Posts to Help Your Environment be a Little Greener
My family is a household of bottled water drinkers. Although we’re adamant about using reusable water bottles (recently, we had three cases of 12 ounce bottles delivered to us as a promo and it was embarrassing to see so much plastic on our doorstep), we do get the eight gallon jugs delivered for our water cooler. I don’t know why this came to be–perhaps college–the water from our taps was awful. Dirty and chalky tasting, we did anything to avoid drinking it. Whatever the reason, today I am a bottled water drinker. So, when I came across an article which stated that Americans drink way too much bottled water (something that’s easily →']);" class="more-link">Continue reading
Each day, as I research different topics to write about for the Colic Calm Journal, I stumble upon hundreds of different sites, touting a mass array of information that can be mind blowing. Case in point–today I read about contaminants in bath products. Now, I don’t live in a cave. Not only am I the Editor of this site, but I also co-run a site for moms called Breezy Mama and thus, I feel like I do a pretty good job in keeping up with what’s safe for baby. So when I clicked on the Contaminants in Bath Products link, I was expecting the usual, “stay away from parabens” spiel that is about as common as BPA-Free. Instead, I read about “hidden carcinogens” and DID feel like I’d been living in a cave.
It turns out that many of the bath products you probably use (Johnson and Johnson’s for goodness sake!) have two known carcinogens, 1,4-dioxane and formaldehyde, in them. Manufacturers are using these ingredients in products meant for babies, who are 100 times more sensitive than adults. Organic Consumers.org claims that the industry could easily take out these known carcinogens, if they just made the effort to do so. It’s sickening.
You may be asking why bath products contain these ingredients in the first place. Campaign for Safe Cosmetics breaks it down like this, “1,4-dioxane is a byproduct of a petrochemical process called ethyoxylation, which involves using ethylene oxide (a known breast carcinogen) to process other chemicals in order to make them less harsh. For example, sodium laurel sulfate – notoriously harsh on the skin – is often converted to the gentler chemical sodium laureth sulfate by processing it with ethylene oxide (the “eth” denotes ethoxylation), which can result in 1,4-dioxane contamination.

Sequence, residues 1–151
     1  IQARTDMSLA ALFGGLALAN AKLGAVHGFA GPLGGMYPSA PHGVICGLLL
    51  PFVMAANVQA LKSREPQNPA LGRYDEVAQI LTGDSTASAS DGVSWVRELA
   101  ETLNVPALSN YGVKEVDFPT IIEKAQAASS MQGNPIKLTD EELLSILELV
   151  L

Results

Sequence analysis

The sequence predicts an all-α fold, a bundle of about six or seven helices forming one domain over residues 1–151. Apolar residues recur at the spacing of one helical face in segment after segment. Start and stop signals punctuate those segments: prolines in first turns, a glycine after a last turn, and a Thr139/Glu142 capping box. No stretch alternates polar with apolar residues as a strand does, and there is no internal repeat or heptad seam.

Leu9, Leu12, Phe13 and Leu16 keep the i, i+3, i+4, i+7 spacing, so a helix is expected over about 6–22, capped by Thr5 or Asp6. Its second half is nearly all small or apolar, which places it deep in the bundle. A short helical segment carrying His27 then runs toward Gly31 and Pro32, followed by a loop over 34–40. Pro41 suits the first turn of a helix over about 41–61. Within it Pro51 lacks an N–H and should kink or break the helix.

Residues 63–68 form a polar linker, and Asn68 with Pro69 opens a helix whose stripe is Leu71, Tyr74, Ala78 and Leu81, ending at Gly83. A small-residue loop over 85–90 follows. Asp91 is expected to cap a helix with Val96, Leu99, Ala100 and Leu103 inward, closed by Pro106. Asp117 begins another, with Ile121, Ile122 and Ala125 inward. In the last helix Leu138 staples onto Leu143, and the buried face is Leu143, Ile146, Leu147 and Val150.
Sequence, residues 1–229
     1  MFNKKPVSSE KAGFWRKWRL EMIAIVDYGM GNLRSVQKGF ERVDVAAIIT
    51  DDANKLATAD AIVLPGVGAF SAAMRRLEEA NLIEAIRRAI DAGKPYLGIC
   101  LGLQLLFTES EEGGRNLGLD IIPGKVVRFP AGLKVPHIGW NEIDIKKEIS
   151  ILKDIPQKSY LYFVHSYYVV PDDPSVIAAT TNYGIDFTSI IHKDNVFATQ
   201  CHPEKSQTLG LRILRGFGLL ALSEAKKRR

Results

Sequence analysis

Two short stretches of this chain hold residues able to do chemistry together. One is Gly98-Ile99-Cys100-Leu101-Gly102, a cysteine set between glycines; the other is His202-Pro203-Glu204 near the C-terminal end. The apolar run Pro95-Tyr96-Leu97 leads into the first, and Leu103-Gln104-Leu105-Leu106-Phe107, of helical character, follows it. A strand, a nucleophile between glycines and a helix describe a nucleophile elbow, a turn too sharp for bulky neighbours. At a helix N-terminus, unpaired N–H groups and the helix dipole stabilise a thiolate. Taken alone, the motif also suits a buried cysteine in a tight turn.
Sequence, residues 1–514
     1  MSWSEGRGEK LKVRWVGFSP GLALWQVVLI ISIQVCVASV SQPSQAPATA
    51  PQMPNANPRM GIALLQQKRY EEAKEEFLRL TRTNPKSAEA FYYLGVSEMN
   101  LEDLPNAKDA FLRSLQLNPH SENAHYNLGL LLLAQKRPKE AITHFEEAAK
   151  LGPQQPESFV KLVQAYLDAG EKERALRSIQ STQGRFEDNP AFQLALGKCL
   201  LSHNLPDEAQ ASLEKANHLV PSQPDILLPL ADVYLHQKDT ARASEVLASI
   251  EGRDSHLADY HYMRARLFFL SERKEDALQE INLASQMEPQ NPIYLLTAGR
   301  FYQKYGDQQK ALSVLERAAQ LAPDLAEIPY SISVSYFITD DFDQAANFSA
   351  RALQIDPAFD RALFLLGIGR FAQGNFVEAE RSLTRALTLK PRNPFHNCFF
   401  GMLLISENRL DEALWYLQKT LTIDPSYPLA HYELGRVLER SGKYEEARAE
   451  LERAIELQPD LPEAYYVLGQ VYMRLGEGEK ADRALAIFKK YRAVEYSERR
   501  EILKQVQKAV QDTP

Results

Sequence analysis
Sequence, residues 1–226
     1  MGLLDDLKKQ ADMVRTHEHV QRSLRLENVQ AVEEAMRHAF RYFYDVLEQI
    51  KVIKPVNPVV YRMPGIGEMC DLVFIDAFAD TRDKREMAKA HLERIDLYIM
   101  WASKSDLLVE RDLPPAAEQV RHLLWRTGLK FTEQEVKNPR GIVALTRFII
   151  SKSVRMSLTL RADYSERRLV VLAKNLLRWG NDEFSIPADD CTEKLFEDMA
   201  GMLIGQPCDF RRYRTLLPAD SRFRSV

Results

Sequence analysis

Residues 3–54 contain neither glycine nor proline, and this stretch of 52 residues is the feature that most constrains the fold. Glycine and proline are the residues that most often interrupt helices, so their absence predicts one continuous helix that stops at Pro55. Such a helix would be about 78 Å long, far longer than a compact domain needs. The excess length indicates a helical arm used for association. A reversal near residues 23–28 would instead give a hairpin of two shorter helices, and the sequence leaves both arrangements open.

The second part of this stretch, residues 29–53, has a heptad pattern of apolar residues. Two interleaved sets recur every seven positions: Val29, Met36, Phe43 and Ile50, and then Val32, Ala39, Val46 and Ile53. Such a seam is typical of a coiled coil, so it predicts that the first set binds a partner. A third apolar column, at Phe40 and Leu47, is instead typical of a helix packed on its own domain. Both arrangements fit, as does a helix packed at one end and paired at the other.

Sodium laureth sulfate is just one common example. More than 56 cosmetic ingredients are associated with the contaminant 1,4-dioxane.”
I need to pay attention to what I’m buying instead of reaching for the product that I have a coupon for. If you’re like me and need some help on what to look for, check out the Cosmetic Skin Database, which rates hundreds of products–so you know exactly what you’re putting on your baby.
We’re having company over for dinner tonight, and I’m trying to finish my work as well as get the house appropriately cleaned. I walked into the bathroom, and realizing that it still needed to be done, I reached under the counter for some Clorox Wipes. My go-to for when I need to do a quick scrub down. However, as I’m pulling out the 6th wipe, I realize, “This would have been a lot more environmentally friendly if I had just walked to the kitchen and got a rag and some spray cleaner.” By this time however, I’m almost done, and there I was, with →']);" class="more-link">Continue reading